NEW YORK, (Reuters) – Maria Sharapova’s contentious and captivating U.S. Open run came to an end yesterday when Latvia’s Anastasija Sevastova beat her 5-7 6-4 6-2 to reach the Flushing Meadows quarter-finals.
Playing her first grand slam since returning from a 15-month doping ban, Sharapova grabbed the spotlight with an opening-round upset of second seed Simona Halep and commanded centre stage right until the end, walking off Arthur Ashe Stadium court with a demure wave to the capacity crowd.
“It’s been a really great ride in the last week,” said Sharapova. “Obviously coming off a loss it’s a quick turnaround in order to reflect all the positives that happened in the last eight or nine days.
“But ultimately I can take a lot from this week. It’s great to get that major out of the way.
“I’m very thankful for the opportunity. I did my best.
“I can be proud of that.”
After being denied direct entry into the French Open and then forced to pull out of Wimbledon qualifying due to injury, Sharapova was granted a wildcard for the U.S. Open, adding fuel to the debate about rewarding players returning from doping bans.
The debate escalated when all the Russian’s matches were scheduled on Arthur Ashe Stadium’s centre court.
The former world number one, however, refused to be distracted from focusing on the job at hand but could not find a route past the 16th-seeded Sevastova.
The match offered up an intriguing contrast of styles, the crafty Latvian against Sharapova’s brute power and attacking instincts.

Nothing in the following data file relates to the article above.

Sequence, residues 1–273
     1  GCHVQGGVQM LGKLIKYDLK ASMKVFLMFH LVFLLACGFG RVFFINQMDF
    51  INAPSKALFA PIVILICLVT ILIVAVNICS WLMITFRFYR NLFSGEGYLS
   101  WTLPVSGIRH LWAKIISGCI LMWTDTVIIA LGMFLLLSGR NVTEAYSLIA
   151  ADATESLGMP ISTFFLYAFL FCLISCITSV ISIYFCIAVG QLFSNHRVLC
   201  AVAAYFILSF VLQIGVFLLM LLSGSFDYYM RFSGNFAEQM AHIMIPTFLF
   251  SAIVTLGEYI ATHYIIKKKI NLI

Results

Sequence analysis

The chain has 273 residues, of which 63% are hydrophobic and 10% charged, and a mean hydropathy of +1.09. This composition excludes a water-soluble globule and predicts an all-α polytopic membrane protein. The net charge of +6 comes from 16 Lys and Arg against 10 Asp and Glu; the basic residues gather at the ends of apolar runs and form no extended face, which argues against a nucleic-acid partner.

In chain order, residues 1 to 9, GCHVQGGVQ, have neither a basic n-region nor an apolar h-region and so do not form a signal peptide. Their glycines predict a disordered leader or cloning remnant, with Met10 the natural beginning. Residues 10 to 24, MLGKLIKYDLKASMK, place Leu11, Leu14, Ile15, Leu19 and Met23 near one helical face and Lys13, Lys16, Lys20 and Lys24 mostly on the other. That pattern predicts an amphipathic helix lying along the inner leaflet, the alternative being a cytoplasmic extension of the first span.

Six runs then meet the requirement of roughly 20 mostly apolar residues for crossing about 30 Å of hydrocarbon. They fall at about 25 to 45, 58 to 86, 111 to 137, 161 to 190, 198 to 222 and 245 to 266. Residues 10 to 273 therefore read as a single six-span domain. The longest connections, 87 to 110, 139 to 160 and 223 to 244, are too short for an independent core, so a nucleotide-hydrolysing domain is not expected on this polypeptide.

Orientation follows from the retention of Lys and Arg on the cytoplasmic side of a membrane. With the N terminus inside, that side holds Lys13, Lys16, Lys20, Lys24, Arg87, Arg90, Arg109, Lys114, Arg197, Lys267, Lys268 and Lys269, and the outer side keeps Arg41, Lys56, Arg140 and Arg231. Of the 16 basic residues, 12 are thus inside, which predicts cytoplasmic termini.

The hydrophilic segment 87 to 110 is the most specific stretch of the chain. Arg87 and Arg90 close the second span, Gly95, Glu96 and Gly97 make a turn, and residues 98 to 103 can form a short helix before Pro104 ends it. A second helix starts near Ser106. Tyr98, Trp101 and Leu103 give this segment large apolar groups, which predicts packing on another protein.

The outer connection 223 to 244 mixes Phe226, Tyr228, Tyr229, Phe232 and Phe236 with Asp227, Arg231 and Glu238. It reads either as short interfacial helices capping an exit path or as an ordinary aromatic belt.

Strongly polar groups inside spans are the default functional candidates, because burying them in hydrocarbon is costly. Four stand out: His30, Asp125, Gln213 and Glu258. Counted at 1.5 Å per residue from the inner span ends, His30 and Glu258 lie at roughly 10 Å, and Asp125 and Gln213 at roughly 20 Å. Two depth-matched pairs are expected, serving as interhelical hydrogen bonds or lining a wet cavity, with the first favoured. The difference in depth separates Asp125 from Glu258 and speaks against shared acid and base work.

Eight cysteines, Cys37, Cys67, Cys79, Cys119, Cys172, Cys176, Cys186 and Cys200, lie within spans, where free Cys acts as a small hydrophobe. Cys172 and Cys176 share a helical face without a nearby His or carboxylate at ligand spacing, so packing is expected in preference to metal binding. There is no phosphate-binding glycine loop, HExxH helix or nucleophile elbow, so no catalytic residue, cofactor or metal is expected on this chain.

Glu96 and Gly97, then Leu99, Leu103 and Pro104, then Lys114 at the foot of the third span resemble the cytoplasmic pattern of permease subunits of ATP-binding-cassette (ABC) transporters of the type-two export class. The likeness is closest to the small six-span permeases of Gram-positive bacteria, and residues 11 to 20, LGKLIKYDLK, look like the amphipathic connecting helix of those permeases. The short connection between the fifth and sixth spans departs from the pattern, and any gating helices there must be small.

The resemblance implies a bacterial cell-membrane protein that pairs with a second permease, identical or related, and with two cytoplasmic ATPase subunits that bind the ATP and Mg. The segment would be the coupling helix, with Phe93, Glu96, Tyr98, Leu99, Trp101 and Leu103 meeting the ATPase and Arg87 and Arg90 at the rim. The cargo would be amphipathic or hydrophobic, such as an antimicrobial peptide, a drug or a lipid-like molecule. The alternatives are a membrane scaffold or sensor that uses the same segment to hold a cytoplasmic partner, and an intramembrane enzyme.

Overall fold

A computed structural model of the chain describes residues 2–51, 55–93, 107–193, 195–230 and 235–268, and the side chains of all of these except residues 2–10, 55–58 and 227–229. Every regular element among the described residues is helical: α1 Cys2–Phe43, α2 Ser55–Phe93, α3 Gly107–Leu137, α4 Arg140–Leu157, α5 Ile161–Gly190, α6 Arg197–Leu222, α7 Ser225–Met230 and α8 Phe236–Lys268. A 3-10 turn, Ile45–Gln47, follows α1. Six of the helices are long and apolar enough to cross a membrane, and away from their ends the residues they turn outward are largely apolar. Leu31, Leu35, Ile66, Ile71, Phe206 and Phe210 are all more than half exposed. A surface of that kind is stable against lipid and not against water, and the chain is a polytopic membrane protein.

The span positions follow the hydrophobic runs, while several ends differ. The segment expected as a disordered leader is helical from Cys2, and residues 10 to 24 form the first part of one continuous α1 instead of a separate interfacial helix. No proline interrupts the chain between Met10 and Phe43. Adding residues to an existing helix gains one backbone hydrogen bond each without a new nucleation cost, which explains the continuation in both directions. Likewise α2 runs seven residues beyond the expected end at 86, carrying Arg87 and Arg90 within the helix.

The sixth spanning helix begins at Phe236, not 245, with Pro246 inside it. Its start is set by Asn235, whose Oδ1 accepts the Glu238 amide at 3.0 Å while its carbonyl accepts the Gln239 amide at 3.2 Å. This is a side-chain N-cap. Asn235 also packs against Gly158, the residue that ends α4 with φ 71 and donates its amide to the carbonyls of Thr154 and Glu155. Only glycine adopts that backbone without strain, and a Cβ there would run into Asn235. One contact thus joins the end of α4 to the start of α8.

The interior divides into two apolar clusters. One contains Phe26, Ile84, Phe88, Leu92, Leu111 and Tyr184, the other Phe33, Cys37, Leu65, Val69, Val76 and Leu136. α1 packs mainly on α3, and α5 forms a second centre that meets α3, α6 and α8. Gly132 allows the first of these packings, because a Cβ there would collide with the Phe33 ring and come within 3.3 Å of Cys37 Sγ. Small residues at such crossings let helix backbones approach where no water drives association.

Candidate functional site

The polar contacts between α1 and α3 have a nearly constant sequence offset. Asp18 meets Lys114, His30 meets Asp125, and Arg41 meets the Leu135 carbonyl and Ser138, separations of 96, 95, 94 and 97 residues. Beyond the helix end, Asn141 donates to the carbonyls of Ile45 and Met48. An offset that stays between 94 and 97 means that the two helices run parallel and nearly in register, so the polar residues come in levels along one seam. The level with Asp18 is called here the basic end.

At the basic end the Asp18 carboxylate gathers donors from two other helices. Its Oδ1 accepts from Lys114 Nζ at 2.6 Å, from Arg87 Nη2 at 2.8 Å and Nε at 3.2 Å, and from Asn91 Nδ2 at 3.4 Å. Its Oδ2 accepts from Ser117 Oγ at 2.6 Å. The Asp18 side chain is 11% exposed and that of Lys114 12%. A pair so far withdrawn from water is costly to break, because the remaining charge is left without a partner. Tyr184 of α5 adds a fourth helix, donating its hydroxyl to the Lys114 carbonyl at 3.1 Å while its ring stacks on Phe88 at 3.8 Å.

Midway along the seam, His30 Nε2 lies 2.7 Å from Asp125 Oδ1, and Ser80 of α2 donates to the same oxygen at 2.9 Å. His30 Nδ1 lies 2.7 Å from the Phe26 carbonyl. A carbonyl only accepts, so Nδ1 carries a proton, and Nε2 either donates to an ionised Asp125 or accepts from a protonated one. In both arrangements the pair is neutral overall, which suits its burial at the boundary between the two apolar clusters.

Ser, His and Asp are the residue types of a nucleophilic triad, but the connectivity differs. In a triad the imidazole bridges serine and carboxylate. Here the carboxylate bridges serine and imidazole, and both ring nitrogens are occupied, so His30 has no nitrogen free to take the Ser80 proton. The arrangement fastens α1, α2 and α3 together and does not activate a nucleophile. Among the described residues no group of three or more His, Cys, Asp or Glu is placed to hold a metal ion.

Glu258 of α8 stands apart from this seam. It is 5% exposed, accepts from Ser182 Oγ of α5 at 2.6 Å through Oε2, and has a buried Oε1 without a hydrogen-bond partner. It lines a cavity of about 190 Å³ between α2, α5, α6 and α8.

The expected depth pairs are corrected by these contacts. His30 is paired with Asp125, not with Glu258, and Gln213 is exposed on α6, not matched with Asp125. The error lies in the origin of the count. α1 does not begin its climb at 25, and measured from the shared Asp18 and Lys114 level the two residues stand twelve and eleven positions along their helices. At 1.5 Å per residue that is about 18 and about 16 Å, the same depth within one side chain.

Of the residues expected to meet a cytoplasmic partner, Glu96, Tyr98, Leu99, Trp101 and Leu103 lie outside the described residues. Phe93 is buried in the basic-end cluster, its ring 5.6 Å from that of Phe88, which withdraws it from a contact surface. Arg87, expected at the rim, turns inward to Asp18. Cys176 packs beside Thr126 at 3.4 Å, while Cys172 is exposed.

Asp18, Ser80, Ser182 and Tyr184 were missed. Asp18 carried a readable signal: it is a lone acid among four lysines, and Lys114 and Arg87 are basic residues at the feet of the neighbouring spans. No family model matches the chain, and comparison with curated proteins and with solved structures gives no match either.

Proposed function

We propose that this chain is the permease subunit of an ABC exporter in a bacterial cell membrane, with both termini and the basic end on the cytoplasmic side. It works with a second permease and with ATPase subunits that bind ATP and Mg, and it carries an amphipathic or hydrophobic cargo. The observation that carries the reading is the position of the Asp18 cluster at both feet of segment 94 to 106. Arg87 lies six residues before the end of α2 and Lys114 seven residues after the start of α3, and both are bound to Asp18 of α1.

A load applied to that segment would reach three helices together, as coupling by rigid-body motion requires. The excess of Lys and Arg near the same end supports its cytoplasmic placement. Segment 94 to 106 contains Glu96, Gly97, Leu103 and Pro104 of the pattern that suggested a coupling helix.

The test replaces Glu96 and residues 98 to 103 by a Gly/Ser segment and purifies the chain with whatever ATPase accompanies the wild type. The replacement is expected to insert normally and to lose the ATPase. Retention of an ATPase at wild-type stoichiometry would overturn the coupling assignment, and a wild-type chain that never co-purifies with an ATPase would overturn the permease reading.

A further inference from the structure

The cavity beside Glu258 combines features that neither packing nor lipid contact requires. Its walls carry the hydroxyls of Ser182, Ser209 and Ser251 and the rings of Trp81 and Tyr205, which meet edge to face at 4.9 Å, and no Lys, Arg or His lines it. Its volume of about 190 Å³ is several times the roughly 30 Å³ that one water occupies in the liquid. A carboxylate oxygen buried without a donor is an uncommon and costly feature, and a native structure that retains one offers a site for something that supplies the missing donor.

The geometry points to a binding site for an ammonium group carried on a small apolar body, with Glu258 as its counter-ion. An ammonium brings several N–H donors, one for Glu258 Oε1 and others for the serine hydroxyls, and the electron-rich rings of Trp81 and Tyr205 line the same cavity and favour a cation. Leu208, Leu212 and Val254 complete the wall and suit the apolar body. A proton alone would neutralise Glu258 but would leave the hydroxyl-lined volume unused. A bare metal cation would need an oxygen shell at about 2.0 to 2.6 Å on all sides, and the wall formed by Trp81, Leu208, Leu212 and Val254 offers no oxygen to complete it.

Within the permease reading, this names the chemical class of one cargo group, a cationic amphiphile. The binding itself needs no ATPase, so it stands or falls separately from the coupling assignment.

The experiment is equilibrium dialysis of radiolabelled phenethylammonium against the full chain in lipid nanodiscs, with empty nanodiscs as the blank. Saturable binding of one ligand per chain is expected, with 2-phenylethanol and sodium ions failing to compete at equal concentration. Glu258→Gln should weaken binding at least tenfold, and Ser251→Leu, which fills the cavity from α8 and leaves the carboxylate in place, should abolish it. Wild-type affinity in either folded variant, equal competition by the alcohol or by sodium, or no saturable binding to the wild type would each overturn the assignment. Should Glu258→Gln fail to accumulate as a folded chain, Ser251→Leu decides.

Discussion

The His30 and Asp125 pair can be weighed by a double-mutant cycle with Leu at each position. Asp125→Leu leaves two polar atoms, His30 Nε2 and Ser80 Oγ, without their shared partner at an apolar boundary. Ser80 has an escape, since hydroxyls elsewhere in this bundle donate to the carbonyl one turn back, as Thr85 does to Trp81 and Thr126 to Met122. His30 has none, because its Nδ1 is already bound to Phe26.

Sharapova had not produced extended stretches of brilliant tennis but her reputation as one of tennis’s great battlers remained a constant.
“I think there are a lot of positives, playing four matches, playing in front of a big crowd and fans,” said Sharapova. “Just competing, you know, being in that competitive environment. That’s what I missed.
“You can’t replicate that anywhere, especially at a grand slam.
“I think the competitiveness and the desire and the love for what I have, I mean, I think there are a lot of things that can be taught in tennis, but maybe those things just have to come from within.”
There were few break chances in the opening set but Sharapova was able to convert the two presented to her to take a one-set lead, clinching it with a thundering ace that a flat-footed Sevastova could only watch.
It was the first set surrendered by Sevastova but the feisty 27-year-old was unfazed, hitting back with an early break in the second and fighting off three break chances from Sharapova to level the contest.
Sevastova was gifted a break to open the third when Sharapova double-faulted and the rattled Russian was broken again as the Latvian charged to 3-0 lead.
Sharapova, ever the fighter, broke back and held to cut the deficit to 3-2, putting the pressure back on her opponent.
Sevastova blunted the Russian’s fightback with a hold for 4-2 followed by another big break and then served out the contest.
“She’s got the variety. She’ll make you hit a lot of balls,” explained Sharapova. “She likes to play with confidence.
“She wins a few of those rallies, and all of a sudden the momentum changes.”